Cindy Muñoz, licensed clinical social worker in integrated behavioral health (IBH) at the Wilma Chan Highland Hospital Campus (WCHHC) is frequently surprised and deeply moved by how often her patients express their gratitude for feeling seen, heard and supported in a health care setting.

“For many patients, it’s the first time they have had space held just for them that is tailored to support their mental health and well-being,” shared Muñoz. “They are so grateful for the kindness, empathy and connection they feel here.”

Muñoz, who has been with Alameda Health System (AHS) for just over two years, started in the Sexual Assault Response and Recovery Team (SARRT) before moving into integrated behavioral health (IBH). “I became a social worker to help educate and support the healing of marginalized communities around sexuality, sexual trauma, intimacy and sex positivity,” she said.

As an IBH therapist Muñoz shared that she’s able to support each patient’s total health by identifying their mental health symptoms and then addressing them through short-term, evidenced based interventions such as individual and group therapy sessions. She also helps patients navigate their medical journeys both inside AHS and outside by connecting them to community programs and services.

“What I love most about my work is that I am able to build trust and connections with patients and provide them with the education and tools to destigmatize the process of ‘getting help,’” shared Muñoz.

Binita Shaw, an IBH intern currently pursuing her Master of Social Work (MSW) from San Jose State University shares Muñoz’s passion and shared commitment to helping underserved communities which started from an early age.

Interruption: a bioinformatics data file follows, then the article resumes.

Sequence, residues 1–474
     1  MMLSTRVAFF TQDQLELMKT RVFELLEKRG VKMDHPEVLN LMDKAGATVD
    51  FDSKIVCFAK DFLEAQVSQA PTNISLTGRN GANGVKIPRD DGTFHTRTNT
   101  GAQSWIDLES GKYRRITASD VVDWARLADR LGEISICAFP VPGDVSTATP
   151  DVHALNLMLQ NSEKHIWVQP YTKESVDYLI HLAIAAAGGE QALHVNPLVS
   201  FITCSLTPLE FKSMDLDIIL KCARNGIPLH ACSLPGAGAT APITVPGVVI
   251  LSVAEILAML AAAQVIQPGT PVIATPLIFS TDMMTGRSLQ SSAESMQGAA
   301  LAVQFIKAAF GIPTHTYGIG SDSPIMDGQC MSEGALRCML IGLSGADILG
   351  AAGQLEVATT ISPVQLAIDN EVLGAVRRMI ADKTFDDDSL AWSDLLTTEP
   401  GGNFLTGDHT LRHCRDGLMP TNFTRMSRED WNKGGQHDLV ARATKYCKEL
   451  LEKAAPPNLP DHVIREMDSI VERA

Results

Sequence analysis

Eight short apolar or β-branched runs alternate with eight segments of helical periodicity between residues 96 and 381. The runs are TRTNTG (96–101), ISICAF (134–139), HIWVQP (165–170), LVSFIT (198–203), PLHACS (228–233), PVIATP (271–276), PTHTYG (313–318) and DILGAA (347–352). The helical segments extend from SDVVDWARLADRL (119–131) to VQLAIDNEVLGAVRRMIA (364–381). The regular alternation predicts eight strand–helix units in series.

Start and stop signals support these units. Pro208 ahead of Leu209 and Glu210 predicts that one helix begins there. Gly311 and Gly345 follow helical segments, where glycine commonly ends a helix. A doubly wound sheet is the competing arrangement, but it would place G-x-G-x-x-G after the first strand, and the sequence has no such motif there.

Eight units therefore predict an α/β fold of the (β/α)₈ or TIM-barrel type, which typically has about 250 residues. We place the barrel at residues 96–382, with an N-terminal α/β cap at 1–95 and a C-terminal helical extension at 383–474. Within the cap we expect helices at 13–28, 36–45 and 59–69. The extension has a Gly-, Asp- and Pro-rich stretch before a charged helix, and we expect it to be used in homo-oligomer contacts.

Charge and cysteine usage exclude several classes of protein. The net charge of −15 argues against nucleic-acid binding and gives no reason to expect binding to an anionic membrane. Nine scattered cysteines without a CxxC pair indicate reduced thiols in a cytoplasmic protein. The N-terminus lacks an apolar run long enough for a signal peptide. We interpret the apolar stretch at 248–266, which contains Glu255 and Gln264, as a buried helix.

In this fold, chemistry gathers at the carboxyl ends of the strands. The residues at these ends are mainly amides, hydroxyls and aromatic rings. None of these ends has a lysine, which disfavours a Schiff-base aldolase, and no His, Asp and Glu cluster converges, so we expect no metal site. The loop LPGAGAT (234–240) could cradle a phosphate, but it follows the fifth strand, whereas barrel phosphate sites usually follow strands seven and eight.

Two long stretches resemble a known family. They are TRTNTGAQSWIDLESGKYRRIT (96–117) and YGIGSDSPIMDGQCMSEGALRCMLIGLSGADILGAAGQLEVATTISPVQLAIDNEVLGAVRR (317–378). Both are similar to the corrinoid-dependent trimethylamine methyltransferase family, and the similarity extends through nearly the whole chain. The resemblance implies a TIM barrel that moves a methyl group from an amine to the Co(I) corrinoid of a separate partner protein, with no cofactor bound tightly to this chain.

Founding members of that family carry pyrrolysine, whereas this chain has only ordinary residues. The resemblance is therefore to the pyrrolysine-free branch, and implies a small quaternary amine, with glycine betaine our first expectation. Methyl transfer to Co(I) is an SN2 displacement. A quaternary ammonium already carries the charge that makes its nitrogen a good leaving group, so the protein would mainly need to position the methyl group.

“Growing up in a brown community, I’ve seen people not understand or accept their mental health issues because of the stigma that comes with it,” she said. A child of refugees from Nepal, Shaw came to the United States at 10 years old. “As I grew older, I saw my parents and other people needing help so I started volunteering as a translator at hospitals and welfare offices.”

In celebration of Social Work Month, Shaw recently led a project to showcase the invaluable role AHS social workers play in addressing the mental, emotional, social and practical needs of patients.

To highlight the value they bring and the difference they make in lives of our patients every day Shaw went straight to the source. She created an anonymous survey to solicit feedback from both patients and staff about their experience with AHS social work teams in both inpatient and outpatient settings.

See survey responses that are a testament to the compassionate care and selfless dedication of our social workers to better the lives of the patients and communities they serve:

At AHS our social workers are vital to delivering on our mission and serving all patients with dignity, respect and the compassionate care they deserve. Join us in celebrating their contributions in building better and healthier lives.